Friday 30 July 2010

The longest-serving coach in QAFL history chalks up a major milestone when he oversees his 300th game for Morningside on Saturday.
John Blair was already the Panthers’ longest-serving coach when appointed to a second term in late 2001, but has added almost nine years more to the five years he spent at Esplen Oval from 1981-85.
When he sits down in the coaches box at Dittmer Park on Saturday to coach against Mt Gravatt, it will be hard not to reflect on the immense changes undergone to the game and the QAFL since he ventured north from Victoria in late 1980.
Morningside is the only club left from the 10 who participated in the 1981 competition, and Blair has been one of the major reasons for that.
As a player, the ultra-competitive Blair reached the elite level, notching 33 games with South Melbourne, Fitzroy and St Kilda.
At the end of the 1980 season, however, he knew St Kilda was not the ‘fit’ for him.
“I was looking for something different,” he admitted.
Blair had been coached in the Fitzroy reserves by Norm Dare, who had moved north to coach Kedron to the QAFL premiership in 1980.
The duo spoke on a number of occasions and Blair’s interest in Queensland grew.
He applied for the job at Mayne, where the selection panel of Shane Johnson, Noel Best and Ron Spaulding opted for North Melbourne personality and premiership player Mick Nolan.
However, Spaulding was impressed with what he saw in 25-year-old Blair and rang Morningside, telling them they would be mad not to interview him for their vacant captain-coach role.
The Panthers committee headed by young president Ian Polglase, having seen their club win just the one premiership in 31 years to that stage, heeded the advice and appointed the strongly-build key position player within hours of interviewing him.
“I knew Queensland was a frontier where a lot of VFL people like Ronnie Wearmouth, Frank Gumbleton, Alex Jesaulenko, Pat Wellington, Dare and Nolan were moving to,” Blair said.
“For me it was a huge honour to get the Morningside job because I was the non-entity out of those names – they had all played 200 VFL games or played in premierships and grand finals.”
Blair wasted no time in showing the Panthers they had made a wise choice, guiding the team to third place in his first season in charge in 1981.
He won the Grogan Medal the following year while taking Morningside to the grand final where, ironically, they were beaten by Mayne in bruising, cracking contest.
Southport beat the Panthers in another great battle in 1983, while a teenage Jason Dunstall helped Coorparoo to beat Morningside in 1984.
Despite finishing third in 1985, when he headed the League goalkicking with 86 majors, Blair saw the writing on the wall and left for stints with Windsor-Zillmere, Sandgate and Sherwood.
Morningside remained his first love as he undertook roles at the Brisbane Bears with Robert Walls and the State under 18 program under former Swans teammate and close friend Mark Browning through the 1990s.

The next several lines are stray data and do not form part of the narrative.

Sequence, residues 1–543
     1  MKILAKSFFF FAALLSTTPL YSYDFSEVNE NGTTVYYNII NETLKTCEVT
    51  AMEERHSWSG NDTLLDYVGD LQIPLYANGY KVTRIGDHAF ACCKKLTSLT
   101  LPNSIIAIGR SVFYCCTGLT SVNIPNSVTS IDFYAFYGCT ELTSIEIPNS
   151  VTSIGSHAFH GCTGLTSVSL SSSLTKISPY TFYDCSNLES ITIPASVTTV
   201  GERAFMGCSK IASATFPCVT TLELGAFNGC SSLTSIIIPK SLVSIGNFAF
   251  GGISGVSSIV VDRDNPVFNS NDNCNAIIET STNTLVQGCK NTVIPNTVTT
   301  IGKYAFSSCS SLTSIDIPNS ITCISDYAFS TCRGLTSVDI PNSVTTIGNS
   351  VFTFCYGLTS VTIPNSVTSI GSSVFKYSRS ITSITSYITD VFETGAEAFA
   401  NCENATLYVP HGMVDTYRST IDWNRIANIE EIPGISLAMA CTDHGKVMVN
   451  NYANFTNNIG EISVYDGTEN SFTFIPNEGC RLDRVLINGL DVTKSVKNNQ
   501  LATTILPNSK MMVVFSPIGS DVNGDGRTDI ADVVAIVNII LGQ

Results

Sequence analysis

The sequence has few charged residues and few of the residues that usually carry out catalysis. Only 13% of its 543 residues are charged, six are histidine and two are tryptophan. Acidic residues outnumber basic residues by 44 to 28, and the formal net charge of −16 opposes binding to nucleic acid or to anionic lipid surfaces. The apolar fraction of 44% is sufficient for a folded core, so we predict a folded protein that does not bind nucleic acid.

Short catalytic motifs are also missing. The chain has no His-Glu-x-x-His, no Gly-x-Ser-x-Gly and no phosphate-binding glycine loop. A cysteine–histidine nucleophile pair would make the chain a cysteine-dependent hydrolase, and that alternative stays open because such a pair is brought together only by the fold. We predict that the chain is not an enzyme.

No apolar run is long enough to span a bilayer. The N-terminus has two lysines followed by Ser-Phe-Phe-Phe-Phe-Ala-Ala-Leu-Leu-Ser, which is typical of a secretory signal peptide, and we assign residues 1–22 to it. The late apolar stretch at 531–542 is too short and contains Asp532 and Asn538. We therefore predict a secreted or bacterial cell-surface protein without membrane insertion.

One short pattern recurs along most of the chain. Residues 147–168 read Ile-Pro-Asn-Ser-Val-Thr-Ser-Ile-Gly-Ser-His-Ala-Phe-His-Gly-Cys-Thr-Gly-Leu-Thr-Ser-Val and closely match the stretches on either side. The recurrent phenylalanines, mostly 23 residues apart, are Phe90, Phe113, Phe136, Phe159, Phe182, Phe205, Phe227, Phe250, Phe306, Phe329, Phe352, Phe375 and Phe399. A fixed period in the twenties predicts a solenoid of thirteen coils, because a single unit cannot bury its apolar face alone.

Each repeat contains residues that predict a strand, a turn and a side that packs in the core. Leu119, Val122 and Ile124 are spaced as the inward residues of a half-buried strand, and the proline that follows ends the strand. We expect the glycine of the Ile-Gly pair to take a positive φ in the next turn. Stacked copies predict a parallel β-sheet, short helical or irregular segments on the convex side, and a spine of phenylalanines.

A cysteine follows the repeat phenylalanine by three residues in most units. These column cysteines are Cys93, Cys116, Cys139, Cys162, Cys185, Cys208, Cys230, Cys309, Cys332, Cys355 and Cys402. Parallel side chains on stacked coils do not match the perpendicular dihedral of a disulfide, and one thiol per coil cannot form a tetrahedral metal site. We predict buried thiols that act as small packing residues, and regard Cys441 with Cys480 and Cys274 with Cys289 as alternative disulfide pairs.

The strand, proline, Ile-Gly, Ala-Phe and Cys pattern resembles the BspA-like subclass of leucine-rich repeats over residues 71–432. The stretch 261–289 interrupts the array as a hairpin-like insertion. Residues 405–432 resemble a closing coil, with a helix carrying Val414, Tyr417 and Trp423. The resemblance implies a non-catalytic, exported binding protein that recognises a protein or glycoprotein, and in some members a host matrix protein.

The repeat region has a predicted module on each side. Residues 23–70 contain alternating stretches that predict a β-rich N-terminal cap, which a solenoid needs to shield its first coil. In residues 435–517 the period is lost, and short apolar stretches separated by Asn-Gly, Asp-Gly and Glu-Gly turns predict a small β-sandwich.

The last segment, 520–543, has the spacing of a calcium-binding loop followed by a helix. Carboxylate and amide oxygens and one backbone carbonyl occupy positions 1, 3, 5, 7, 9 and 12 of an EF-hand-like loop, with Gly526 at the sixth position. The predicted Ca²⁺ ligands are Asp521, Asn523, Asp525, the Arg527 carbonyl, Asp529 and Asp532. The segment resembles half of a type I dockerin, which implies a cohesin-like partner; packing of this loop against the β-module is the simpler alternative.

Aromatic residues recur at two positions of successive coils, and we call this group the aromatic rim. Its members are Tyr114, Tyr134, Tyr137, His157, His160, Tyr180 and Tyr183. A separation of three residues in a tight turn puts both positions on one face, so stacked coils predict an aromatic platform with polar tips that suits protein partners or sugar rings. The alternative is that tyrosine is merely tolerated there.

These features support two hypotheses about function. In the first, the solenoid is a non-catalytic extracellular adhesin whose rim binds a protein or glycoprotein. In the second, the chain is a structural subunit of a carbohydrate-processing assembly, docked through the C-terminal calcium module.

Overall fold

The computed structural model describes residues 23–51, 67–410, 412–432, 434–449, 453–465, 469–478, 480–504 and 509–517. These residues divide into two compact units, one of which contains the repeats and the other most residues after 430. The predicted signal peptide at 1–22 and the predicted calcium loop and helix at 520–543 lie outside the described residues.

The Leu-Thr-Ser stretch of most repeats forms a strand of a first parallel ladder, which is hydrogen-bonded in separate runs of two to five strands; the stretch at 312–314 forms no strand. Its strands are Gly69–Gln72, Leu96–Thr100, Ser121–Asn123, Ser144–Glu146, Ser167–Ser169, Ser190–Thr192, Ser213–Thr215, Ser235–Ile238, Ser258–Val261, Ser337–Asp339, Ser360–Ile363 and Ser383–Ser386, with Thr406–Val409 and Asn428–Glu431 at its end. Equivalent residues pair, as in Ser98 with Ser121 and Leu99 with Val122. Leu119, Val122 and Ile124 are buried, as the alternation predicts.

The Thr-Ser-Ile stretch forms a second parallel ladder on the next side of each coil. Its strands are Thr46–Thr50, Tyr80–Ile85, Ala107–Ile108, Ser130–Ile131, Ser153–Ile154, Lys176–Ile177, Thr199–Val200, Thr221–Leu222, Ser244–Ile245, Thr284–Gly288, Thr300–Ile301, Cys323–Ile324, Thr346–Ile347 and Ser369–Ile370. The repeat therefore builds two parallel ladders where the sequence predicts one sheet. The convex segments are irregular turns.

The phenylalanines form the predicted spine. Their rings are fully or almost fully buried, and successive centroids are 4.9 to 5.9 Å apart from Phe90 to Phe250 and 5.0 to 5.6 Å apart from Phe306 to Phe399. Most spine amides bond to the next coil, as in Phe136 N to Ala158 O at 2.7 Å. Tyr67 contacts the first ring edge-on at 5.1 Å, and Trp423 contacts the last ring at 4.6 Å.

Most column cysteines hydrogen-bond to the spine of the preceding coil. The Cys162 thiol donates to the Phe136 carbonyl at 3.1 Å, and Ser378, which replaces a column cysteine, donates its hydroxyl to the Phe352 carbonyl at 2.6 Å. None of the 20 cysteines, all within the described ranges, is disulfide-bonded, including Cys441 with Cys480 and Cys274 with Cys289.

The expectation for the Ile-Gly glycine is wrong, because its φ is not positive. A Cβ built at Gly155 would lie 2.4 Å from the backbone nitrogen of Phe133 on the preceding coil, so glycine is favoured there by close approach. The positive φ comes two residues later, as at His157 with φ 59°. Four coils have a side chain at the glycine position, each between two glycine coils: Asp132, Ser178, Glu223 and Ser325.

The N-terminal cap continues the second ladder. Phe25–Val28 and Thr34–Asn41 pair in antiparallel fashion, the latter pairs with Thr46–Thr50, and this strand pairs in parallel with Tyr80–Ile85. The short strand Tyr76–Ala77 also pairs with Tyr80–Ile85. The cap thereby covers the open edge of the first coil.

When the Panthers hit the skids – financially and playing-wise – in 2001, it was Blair who they turned to.
The slow burn of the grand final defeats two decades earlier had never left his gut.
“They were extremely hard to take,” he said. “A lot of work and effort had gone into getting to those grand finals.
“Each year we were beaten by a different team, so we were the best club over that three-year period but had nothing to show for it.”
In fact, the seniors and reserves played in seven grand finals in his first four years at the club without a victory.
“It did eat at your fabric,” he said.
With the Panthers struggling and some people ‘throwing stones’ at the club, Blair decided he would do something about it rather join those tossing the brickbats.
“I had been living in the district for almost 20 years in the same house about two drop-kicks away from the footy ground (Esplen Oval),” he said. “As a local person, I felt I owed the club.
“My son was also coming through (the juniors) along with the likes of Mark Rootsey and Damien Bonney and I wanted to make sure there was still a local senior club that they could play at.”
Blair blooded plenty of youthful players in 2002 and the Panthers finished fifth, before charging to the premiership with a  big win over Mt Gravatt in 2003.
“It was a extremely special,” Blair admitted.
Then again, so was the following year when Southport went through the season undefeated, only to lose by seven points to the Panthers in a classic grand final. The man in charge at Southport was Dare, who had been head-hunted by the Sharks to regain some silverware after three years without a flag.
“Darey was seen as the coaching messiah in Queensland and while I generally believe coaches are overrated once a game has started, I really felt like I was a player against Norm that day,” Blair said.